The Euro fell on Friday, reaching almost three year-low due to the investors’ concerns about the slow economic growth in the Eurozone. The currency has lost 1% so far. There is a small chance of its rebound if the fourth-quarter gross domestic product data proves positive. However, economists expect 0.1% quarter-on-quarter growth, the same as the previous 3-month period. Such a result won’t be enough to boost Euro again.
The currency dropped down to $1.0827 overnight before settling at $1.0841. Meanwhile, the Swiss franc strengthened against the Euro at 1.060 francs. The analysts think that if the Euro deteriorates further, Swiss currency may gain much more. The Franc’s increase comes at a time when its correlation with risky assets has broken down in the last weeks.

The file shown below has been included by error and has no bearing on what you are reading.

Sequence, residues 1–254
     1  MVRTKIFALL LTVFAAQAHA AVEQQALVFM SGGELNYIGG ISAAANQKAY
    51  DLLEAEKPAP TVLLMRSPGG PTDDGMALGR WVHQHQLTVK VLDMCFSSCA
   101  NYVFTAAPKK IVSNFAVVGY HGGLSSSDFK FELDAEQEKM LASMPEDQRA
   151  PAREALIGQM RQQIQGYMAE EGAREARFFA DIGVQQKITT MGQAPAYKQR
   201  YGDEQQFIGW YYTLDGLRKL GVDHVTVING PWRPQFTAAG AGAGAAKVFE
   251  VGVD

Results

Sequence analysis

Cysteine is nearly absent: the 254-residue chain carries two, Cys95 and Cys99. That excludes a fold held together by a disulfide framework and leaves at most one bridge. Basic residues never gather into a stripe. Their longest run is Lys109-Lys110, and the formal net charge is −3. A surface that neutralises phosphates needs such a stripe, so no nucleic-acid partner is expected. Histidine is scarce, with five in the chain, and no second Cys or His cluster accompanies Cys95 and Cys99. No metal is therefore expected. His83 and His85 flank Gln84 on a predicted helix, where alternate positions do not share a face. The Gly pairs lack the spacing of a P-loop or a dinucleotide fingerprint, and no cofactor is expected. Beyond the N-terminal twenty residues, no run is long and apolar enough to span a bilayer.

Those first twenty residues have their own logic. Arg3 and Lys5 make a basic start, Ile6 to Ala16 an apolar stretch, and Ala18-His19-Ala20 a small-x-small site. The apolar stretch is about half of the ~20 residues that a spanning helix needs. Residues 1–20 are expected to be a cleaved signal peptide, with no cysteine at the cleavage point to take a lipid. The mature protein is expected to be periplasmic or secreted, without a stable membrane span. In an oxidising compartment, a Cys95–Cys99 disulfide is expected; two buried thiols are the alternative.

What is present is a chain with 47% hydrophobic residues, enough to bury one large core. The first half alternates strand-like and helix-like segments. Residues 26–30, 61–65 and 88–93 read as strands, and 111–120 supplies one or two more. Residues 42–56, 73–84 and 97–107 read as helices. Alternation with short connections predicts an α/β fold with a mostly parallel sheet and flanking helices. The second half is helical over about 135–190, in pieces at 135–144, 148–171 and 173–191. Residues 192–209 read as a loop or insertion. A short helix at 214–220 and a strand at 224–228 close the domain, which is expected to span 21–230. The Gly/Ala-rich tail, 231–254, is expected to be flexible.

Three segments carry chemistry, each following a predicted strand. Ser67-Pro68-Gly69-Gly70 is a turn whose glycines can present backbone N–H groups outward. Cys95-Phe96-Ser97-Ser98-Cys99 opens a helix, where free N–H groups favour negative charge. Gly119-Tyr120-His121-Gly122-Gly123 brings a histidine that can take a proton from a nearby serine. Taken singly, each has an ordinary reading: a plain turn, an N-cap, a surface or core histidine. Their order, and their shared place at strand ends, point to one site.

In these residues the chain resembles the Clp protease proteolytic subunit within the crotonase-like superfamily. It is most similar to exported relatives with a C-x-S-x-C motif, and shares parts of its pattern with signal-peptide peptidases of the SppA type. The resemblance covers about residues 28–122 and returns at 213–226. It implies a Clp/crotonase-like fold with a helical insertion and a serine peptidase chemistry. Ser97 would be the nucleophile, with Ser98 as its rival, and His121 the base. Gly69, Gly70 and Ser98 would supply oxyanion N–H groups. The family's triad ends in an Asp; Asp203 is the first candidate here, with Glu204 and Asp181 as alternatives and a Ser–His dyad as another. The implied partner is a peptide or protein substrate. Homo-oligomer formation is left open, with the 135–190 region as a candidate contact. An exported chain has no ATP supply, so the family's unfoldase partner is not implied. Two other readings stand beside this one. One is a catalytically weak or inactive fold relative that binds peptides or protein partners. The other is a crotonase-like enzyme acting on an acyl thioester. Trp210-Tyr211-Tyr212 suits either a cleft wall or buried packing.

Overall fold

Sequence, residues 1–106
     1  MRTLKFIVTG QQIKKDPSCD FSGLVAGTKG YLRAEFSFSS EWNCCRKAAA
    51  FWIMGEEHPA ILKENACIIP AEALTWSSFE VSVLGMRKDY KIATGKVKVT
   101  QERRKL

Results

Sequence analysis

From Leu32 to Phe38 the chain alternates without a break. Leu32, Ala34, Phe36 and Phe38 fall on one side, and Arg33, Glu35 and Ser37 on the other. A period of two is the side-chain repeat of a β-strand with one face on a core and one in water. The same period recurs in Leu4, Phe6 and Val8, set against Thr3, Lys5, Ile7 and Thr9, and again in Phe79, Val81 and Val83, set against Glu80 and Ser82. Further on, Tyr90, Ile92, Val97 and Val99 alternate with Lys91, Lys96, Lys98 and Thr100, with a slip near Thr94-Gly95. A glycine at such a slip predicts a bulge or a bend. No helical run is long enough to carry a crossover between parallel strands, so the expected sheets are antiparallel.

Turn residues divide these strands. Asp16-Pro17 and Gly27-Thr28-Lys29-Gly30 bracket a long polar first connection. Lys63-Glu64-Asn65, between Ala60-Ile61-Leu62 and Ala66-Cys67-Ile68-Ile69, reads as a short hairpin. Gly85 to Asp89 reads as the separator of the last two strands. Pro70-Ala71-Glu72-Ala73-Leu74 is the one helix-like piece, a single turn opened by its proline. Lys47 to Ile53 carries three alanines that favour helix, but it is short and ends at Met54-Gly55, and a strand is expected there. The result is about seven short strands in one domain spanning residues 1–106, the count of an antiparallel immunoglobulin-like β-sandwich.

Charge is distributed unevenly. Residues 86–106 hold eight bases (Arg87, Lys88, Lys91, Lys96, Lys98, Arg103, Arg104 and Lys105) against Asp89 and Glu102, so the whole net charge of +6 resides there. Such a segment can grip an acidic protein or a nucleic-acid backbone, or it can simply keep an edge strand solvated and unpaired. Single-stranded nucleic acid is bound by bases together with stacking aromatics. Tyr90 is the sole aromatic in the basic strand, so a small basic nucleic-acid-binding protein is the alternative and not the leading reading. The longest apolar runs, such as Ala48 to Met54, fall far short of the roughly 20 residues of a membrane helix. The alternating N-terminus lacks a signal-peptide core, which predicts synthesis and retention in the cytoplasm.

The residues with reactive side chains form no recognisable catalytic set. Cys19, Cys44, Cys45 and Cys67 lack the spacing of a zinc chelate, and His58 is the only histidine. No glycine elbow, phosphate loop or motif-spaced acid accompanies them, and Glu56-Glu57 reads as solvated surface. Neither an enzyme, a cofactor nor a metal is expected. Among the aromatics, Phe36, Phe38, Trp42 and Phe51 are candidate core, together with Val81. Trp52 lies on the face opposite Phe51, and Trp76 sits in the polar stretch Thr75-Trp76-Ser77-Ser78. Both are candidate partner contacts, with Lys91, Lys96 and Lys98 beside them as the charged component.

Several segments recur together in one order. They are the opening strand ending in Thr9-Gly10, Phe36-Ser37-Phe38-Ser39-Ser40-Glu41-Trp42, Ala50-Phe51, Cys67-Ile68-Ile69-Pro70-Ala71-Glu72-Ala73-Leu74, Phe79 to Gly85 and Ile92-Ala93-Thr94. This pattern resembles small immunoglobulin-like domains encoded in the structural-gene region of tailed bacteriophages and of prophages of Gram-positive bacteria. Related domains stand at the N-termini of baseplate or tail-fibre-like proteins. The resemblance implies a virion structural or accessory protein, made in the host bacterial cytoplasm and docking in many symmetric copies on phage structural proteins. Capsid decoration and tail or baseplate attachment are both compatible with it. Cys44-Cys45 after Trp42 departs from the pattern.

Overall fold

ING analysts stated that the bearish trend on EUR/USD might continue. It’s quite unlikely that growth data out of the eurozone will improve the grim economic outlook for the area. Furthermore, investors worry about coronavirus’s negative impacts on the eurozone economy. So even if the data proves to be better than expected, it may not be enough to trigger an inversion in the bearish EUR trend.
What about the dollar?
The dollar index is the measure of the currencies against a basket of rivals. It hit the highest record since October, rising by 0.4% this week – on top of gains of 1.3% last week. Traders are waiting for new U.S. data, which includes retail sales and industrial production numbers along with Eurozone data.
Meanwhile, Sterling consolidated gains around the $1.3060 mark after surging forward on Thursday. The new British finance minister’s announcement raised expectations that the upcoming budget would increase public spending. It will boost Britain’s economy after its withdrawal from the European Union. So far, the pound rose 0.1% to 82.995 pence against the Euro, close to a 2-month high.